Faith and the Laws of Nature
Gingerich, Owen, Science & Spirit
A few years ago, a group of us heard a remarkable talk on the brain as a machine, where the speaker aggressively argued that our minds are nothing but a loose mechanistic confederation of parts competing against one another. As we were leaving, a friend of mine remarked to him, "In twenty years I have not met such a man of faith." The speaker, a well-known professor from MIT and a hard-core atheist, recoiled at her remark in some shock. "Yes," she added, "you are so sure you are right!"
Most of my scientific acquaintances, both theists and atheists, are persons of deep but unexamined faith. Recently, on a radio talk show, I referred to a fellow participant as a man of faith. "I don't believe in anything!" he protested. "Of course you do," I countered. "You believe in a rational universe where the laws of nature always work." Experience teaches us that the laws of nature are pretty dependable, so it is easy to take this on board as a tacit belief.
Perhaps surprisingly, "laws of nature" in the modern sense is a relatively recent concept. The expression did not enter our English vocabulary until the work of Robert Boyle and Isaac Newton in the seventeenth century. Kepler, for example, didn't use the expression. What we refer to as Kepler's laws were not singled out and labeled as such until well into the eighteenth century. His laws, prototypes for laws of nature, are a good demonstration of the fact that such laws are human artifacts, man-made and subject to revision. Kepler's third law states that the ratio of the cube of a planet's average distance from the sun to the square of its period of revolution is a constant, but Newton's work showed that the ratio is not a constant but a quantity dependent on the mass of each planet.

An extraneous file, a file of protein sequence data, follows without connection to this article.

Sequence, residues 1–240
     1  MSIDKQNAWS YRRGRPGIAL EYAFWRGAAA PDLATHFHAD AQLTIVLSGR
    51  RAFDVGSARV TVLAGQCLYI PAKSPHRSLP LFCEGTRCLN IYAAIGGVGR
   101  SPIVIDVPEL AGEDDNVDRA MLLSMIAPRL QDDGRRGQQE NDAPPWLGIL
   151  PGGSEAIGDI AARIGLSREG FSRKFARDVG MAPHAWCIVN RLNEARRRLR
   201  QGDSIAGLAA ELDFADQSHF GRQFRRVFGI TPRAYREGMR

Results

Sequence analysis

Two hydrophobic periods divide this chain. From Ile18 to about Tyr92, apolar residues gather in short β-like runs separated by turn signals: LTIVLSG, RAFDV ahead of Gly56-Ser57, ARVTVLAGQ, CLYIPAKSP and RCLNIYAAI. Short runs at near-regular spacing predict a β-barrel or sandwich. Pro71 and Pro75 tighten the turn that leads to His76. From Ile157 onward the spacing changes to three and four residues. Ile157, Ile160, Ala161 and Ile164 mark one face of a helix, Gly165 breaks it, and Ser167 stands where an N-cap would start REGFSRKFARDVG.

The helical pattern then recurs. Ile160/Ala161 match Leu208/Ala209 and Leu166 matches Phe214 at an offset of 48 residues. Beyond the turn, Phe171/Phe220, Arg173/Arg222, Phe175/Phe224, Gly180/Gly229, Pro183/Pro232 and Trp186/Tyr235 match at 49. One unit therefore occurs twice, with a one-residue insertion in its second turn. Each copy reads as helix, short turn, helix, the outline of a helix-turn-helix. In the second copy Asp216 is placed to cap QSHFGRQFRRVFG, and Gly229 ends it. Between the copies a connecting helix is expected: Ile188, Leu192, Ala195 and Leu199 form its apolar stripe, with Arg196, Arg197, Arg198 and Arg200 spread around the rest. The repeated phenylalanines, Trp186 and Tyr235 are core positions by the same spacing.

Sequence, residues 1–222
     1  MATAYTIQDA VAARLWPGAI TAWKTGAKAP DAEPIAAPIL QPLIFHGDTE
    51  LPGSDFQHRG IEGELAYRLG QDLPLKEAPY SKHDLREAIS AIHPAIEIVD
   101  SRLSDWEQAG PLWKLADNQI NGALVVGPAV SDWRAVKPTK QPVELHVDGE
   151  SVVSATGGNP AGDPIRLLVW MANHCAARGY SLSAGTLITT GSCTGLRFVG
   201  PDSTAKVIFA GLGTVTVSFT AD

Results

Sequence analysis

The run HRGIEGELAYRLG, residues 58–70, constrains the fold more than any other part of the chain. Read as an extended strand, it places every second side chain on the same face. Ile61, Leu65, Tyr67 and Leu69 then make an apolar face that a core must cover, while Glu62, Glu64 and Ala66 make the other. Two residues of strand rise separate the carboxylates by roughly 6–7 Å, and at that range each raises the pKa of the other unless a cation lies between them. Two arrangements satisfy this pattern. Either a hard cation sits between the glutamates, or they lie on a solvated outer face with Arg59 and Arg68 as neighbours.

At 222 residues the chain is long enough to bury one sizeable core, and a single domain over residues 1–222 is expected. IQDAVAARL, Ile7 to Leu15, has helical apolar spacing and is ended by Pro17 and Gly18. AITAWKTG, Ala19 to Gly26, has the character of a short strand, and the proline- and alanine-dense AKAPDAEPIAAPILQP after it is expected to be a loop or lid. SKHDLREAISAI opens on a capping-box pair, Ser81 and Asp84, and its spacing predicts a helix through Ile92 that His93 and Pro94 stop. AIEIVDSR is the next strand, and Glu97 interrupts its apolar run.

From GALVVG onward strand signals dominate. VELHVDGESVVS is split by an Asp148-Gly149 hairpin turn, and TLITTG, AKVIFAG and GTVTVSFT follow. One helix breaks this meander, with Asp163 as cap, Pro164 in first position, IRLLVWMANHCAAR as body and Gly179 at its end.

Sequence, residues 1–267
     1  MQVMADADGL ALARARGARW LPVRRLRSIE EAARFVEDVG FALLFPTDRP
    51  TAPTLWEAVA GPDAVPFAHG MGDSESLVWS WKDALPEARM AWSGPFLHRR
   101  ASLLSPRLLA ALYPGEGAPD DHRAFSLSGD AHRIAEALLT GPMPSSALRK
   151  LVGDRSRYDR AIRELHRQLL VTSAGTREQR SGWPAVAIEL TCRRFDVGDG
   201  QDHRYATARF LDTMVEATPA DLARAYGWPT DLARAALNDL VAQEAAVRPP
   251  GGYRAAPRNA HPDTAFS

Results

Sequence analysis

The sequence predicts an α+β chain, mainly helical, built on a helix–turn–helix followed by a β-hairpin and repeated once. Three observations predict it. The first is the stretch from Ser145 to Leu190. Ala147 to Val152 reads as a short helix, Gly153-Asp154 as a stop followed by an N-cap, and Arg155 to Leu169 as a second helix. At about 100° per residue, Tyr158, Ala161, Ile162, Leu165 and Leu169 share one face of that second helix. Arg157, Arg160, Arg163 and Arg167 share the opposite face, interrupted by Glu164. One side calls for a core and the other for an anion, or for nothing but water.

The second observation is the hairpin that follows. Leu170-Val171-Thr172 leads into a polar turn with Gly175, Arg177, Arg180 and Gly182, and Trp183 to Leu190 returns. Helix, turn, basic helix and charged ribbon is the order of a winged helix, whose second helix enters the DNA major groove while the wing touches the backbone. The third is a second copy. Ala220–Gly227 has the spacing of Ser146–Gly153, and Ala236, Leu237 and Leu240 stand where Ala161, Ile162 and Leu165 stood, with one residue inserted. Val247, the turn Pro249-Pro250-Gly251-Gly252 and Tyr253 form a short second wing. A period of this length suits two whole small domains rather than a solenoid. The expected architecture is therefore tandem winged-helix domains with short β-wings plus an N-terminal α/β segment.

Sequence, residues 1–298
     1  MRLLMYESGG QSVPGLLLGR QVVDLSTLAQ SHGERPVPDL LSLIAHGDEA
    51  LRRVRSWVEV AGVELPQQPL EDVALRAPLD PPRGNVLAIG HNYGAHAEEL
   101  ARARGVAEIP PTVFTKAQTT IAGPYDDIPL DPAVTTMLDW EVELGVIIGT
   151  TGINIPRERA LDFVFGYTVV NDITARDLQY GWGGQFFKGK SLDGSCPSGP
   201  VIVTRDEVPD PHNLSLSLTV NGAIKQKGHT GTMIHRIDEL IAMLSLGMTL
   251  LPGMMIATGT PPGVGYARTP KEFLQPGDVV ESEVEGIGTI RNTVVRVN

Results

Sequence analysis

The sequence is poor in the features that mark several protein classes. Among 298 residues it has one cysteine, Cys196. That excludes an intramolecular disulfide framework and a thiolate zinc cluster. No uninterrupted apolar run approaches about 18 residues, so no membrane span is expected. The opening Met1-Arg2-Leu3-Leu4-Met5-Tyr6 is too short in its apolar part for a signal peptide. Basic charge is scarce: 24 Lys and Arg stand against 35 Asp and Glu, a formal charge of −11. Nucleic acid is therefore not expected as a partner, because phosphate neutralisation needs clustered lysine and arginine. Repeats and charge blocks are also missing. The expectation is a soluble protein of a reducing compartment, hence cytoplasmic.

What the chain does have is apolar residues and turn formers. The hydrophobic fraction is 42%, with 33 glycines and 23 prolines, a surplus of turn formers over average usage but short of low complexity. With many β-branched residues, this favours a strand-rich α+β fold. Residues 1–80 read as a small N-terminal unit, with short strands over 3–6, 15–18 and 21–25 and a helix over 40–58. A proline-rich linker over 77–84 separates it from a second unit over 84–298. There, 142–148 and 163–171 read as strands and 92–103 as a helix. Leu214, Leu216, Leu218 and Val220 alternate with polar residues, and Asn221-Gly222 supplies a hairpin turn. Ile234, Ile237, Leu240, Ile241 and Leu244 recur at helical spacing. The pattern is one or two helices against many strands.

As Einstein said, in a statement that can equally refer to the laws of nature, "The sense experiences are the given subject matter. But the theory that shall interpret them is man-made, never completely final, always subject to question and doubt."
Laws like Kepler's, or Newton's famous laws of motion, can be classed as epistemological statements based on what we have gleaned observationally. Most scientists will, after a little contemplation, agree that these laws are man-made. But they will likely add that such formulations are approaching some deeper, inviolate laws of nature that exist whether or not we fully comprehend them. …